The New York Yankees and the Oakland Athletics won American League Division Series' games in dramatic fashion this week. Both teams represent examples of how the rich and the poor are playing America's game.
The team that I've followed since I was young isn't in the playoffs this fall. So, I'm temporarily supporting the franchises that are offering the most compelling baseball products.
Due to an approaching fan vote in November, people of every political persuasion are debating a variety of money issues. But, let's rewind for a moment so that we can set the current scene.
I began following baseball in the 1970s, when George Steinbrenner was developing his baseball power. It's hard to imagine that as a 9-year-old, "The Boss" used the chickens that his father gave him (instead of an allowance) to start the "George Company". His father was an MIT graduate who eventually became head of the Kinsman Marine Transit Company in Cleveland, Ohio.
In 1973, the boy who once sold eggs door-to-door bought the Yankees from CBS (along with 12 partners) for $8.7 million. This season the team's opening day payroll was $209.7 million and the value of the franchise was estimated to be $1.85 billion. The new Yankee Stadium, which opened in 2009, cost $1.5 billion.
Yankees' pinch hitter Raul Ibanez (2012 salary $1.1 million) tied last night's ALDS game against the Baltimore Orioles ($84.1 million opening day payroll, $460 million franchise value) with his bottom-of-the ninth inning solo home run. He remained in the lineup, as a replacement for designated hitter Alex Rodriguez (2012 salary $30 million), and then won Game 3 (3-2) with another solo home run in the bottom of the twelfth inning.
I could have listed the names and salaries of the Orioles' pitchers who surrendered those blasts as well, but my point has been made. I also think that what Steinbrenner accomplished during his life was incredible and I'm rooting for his team (the rich kids) to win this series.
On the other side of the tracks
Meanwhile, Athletics ($52.8 million opening day payroll, $321 million franchise value) general manager Billy Beane's "Moneyball" methods were also employed this week.
The A's seemed certain to drop their ALDS series against the Detroit Tigers ($133.4 million opening day payroll, $478 million franchise value). But, their centerfielder Covelli "Coco" Crisp (2012 salary $6 million) drove in designated hitter Seth Smith (2012 salary $2.4 million) to cap a dramatic come-from-behind, bottom of the ninth, 4-3 victory to force a deciding fifth game.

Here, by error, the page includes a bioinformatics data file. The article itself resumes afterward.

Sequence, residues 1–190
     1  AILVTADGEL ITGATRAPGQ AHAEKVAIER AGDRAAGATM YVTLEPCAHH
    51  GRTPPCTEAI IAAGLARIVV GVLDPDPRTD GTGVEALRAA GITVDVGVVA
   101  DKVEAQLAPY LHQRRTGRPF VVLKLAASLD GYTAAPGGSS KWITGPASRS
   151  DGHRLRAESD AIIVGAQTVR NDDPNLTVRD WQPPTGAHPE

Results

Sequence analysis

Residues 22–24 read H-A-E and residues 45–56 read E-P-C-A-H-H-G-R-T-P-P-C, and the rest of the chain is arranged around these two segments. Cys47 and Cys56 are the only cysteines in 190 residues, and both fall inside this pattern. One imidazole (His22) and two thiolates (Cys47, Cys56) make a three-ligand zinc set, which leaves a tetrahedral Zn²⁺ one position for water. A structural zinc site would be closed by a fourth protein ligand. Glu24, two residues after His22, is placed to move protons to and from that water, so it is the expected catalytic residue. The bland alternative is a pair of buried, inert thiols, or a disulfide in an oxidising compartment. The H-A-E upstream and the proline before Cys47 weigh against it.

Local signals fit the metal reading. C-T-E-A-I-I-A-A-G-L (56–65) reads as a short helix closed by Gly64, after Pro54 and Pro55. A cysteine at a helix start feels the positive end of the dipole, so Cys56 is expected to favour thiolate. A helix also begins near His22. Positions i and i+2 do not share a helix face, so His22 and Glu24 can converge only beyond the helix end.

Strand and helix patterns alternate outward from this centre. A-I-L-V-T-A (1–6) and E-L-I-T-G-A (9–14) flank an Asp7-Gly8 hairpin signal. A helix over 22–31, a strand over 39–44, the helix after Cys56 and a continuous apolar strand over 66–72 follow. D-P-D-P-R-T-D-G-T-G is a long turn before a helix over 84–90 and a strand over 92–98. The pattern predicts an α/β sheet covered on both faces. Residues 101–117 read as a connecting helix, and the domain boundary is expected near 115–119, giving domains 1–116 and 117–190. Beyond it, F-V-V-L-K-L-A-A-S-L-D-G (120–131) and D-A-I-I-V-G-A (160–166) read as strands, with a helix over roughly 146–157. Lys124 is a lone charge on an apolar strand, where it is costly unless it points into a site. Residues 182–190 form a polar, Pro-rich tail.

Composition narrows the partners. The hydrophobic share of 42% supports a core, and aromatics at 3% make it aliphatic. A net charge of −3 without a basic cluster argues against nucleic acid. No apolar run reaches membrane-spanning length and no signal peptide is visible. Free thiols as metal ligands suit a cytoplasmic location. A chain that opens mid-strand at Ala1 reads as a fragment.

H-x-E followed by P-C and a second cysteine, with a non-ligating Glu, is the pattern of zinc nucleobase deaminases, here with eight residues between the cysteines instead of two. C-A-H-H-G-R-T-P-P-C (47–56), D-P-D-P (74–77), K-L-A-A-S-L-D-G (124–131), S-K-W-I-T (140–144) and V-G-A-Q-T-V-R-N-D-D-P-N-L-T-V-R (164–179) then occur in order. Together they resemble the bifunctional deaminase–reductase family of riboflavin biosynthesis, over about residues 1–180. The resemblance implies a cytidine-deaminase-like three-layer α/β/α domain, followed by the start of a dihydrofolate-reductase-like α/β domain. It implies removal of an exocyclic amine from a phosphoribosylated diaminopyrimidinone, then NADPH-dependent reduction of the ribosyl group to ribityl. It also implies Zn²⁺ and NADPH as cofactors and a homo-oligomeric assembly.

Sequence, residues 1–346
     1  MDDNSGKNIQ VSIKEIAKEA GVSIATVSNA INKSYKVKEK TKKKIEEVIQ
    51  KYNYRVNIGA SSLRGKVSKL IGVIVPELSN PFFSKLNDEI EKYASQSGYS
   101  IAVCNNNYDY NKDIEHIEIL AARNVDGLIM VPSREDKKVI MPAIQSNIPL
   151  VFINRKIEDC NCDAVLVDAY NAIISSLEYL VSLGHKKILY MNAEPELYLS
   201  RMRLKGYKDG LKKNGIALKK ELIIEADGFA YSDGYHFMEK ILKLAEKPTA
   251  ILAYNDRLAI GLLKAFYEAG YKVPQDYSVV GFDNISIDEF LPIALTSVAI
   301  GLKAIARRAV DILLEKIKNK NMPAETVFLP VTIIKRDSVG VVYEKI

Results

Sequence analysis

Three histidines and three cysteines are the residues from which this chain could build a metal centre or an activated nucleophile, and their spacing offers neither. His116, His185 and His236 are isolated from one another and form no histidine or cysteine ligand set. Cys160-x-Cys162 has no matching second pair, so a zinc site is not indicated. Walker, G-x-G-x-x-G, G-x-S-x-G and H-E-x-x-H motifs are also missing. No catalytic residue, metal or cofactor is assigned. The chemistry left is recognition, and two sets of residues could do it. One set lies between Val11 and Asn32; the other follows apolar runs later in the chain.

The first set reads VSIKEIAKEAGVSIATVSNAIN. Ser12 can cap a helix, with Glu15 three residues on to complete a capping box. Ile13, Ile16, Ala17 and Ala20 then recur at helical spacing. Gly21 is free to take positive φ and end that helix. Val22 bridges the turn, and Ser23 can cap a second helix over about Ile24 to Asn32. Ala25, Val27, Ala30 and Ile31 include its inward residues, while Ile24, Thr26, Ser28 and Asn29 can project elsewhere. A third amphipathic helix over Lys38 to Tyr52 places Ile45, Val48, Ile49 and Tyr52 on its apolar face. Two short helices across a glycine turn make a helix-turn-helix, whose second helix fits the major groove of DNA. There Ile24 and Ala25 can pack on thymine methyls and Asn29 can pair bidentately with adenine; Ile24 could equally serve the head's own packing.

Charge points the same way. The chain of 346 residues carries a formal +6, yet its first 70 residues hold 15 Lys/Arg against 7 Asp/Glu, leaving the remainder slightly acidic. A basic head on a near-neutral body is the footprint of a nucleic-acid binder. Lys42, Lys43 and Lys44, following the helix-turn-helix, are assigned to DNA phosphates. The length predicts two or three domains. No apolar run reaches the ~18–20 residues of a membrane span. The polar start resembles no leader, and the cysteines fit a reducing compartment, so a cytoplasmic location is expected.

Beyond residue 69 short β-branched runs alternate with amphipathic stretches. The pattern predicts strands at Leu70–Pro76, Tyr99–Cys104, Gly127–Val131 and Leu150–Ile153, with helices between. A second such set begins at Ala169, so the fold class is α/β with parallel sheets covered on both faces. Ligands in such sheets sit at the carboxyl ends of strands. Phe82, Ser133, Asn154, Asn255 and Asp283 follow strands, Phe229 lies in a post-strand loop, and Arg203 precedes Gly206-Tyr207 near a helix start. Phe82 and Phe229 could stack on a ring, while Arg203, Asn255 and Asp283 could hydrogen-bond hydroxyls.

I think that Beane is a brilliant baseball man and I'm rooting for his team (the poor kids) to win this series.
Fan personalities and baseball perspectives
Some people will responded favorably to the baseball information that has been presented in this feature, while others will choose to focus on the money figures that were inserted.
Some boys and girls never liked the kids who were good baseball players in school and have seemingly transferred their old grudges to current fields of play. Other children recognized that everyone has unique talents and that all lives don't develop in the same way.
Class warfare is waged by adults who think that they understand the world and that the rest of us never learned how to play the game.
Sean O'Brien is based in the Philadelphia region. He began his professional career in the Scranton/Wilkes-Barre Red Barons' front office (the Philadelphia Phillies former Triple-A affiliate), later worked as a freelance sports writer and is currently a Featured Contributor in Sports for the Yahoo Contributor Network! You can follow him on Twitter @SeanyOB and also read his daily Sports Blog: Insight.
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